[Viewpoint] Americans are sore losers

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[Viewpoint] Americans are sore losers

It was hardly surprising: A jury in San Jose, California, delivering a one-sided verdict for Apple over Samsung Electronics in a legal battle over smartphone technology. It is the “American style” of doing things when their interests are threatened. It is the yardstick Americans have stuck to in every economic and business battle. Anything that Americans are not tops at is evil and dangerous.

When Apple embarked on its legal crusade against its smartphone rival Samsung, we were reminded of the trade friction between the United States and Japan over semiconductors 30 years ago. The clash over computer memory chip technology was the first kind of head-on industrial war between manufacturers of two countries, which later spilled over into a U.S.-Japan trade conflict.

The Semiconductor Industry Association that represented American chipmakers in 1985, hit by an industrial slowdown, filed a petition with the Office of the U.S. Trade Representative accusing Japanese competitors of unfair trade practices. Micron Technology sued Japanese dynamic random memory chipmakers for “predatory” business practices and dumping products at below cost.

Intel, Advanced Micro Devices and National Semiconductor also ganged up on Japanese companies, filing anti-dumping suit against Japanese erasable programmable read only memory chips. Citing the plight of American industry, the U.S. Department of Commerce slapped punitive countervailing duties of between 21.7 percent and 188 percent on Japanese memory chip imports the following year.

Japan half-heartedly signed a semiconductor trade agreement in which it promised an increase in U.S. companies’ share of the Japanese market of up to 20 percent. When U.S. chip sales failed to pick up the following year for obvious reason, the U.S. Congress passed a resolution demanding the government take punitive action against Japan for failing to honor the 1986 agreement.

Washington pounded Japanese electronics imports with punitive tariffs, imposing as much as 100 percent duties on Japanese TV sets. Washington’s interventionist trade actions to contain Japanese electronics producers continued until the mid-1990s.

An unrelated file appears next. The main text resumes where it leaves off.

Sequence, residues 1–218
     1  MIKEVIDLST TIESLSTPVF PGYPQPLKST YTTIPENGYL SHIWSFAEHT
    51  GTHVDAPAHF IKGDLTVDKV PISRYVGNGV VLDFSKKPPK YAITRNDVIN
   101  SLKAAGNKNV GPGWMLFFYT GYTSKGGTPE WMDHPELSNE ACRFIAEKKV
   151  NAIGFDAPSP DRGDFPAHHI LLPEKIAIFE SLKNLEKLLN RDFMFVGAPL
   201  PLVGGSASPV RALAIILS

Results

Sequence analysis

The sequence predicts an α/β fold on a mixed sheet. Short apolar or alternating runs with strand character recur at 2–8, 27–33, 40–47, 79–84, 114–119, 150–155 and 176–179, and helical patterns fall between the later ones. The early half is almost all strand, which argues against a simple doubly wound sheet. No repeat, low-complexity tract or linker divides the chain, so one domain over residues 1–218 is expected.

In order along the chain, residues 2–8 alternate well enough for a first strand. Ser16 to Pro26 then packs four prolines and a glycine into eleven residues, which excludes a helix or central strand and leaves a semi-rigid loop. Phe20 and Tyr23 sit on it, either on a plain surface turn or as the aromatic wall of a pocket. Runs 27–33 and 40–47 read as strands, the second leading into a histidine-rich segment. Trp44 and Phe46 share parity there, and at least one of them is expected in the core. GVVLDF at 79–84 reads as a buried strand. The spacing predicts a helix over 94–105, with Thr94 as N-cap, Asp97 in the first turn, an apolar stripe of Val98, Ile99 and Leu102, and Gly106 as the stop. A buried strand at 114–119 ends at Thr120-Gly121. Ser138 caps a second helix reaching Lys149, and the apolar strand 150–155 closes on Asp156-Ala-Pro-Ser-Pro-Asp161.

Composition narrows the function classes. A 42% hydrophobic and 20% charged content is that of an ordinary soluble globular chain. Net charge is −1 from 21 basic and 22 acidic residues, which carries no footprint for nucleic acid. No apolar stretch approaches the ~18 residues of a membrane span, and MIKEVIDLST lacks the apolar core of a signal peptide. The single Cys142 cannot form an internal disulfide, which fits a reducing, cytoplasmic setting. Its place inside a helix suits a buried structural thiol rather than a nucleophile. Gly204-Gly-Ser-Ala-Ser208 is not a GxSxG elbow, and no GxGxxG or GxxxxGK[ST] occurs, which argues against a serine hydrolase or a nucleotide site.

Anti-Japanese sentiment peaked during the fight with the outperforming Japanese semiconductor producers. In a poll by The Washington Post and ABC, 70 percent of respondents feared the Japanese would buy all of America if the government didn’t do something fast.

The media went in anti-foreign frenzy. Americans employed antidumping and punitive tariff weapons in similar trade wars and Korean companies often fell into the trap. In the new mercantile war, Korean companies are specifically targeted with a new, advanced and mightier weapon called a patent. The strategy of the game, however, remains more or less the same.

The victor from the U.S.-Japanese semiconductor war was neither of the two countries. It was Korea. Intel and other U.S. firms pulled out of the overly competitive memory chip business and Japanese companies, weary from lengthy battles with the U.S., slowly gave up the fight. Korean manufacturers went on with innovation and efforts to reduce production costs to become the market leader at the end.

During the warring states period in ancient China, a strategist in the Jin Dynasty advised the king of a winning strategy to capitalize on a lengthy war between the Han and Wei states: “When big and small tigers fight, the small one will die and the big one will be wounded. If you hit upon the big tiger still recovering from the earlier fight, you can win over both states.”

The mobile phone market is also often compared by industry observers to the bloody rivalry of the Three Kingdoms in ancient China. At Apple’s U.S. courtroom feat, observers joked, “A dead Zhuge Liang (Steve Jobs) scares away a living Sima Yi [Zhuge’s rival of Wei].” But after the great strategist died, Shu Han slowly was whittled down: Zhuge’s protege Jiang Wei continued with the northern expeditions and fought with Wei, but failed to make significant gains. At the end, Shu Han surrendered and fell while Sima Yi went on to live in prominence.

To build a country and defend one is not the same work. It is not entirely wrong to claim Americans discovered, invented and created almost every modern cutting-edge technology. They were great builders, but not such good defenders. If they had not been self-indulgent with their pioneering works and endeavored to stay on top of the market with innovations, the latecomers would not have dared to jump into the fray and attempted to outperform them.

But somewhere down the road, American cars and semiconductors became mediocre and failed to appeal to consumers. Turning the blame on competitors for their underperformance has not helped American industry before and won’t now.

One newspaper article questioned if Apple, having lost its drive for innovation, can merely appeal to American patriotism to survive. Without deep self-retrospection and a dedication to innovate, the strategy of relying on past supremacy cannot save the American economy.

* The author is an editorial writer of the JoongAng Ilbo.

by Sunny Yang
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